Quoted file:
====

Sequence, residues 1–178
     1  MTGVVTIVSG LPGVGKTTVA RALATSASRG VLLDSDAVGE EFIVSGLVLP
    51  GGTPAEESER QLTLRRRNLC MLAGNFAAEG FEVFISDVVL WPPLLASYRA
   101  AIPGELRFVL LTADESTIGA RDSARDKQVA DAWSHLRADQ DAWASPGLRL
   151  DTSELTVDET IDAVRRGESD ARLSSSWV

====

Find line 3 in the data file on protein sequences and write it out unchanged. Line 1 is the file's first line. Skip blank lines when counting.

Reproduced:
    51  GGTPAEESER QLTLRRRNLC MLAGNFAAEG FEVFISDVVL WPPLLASYRA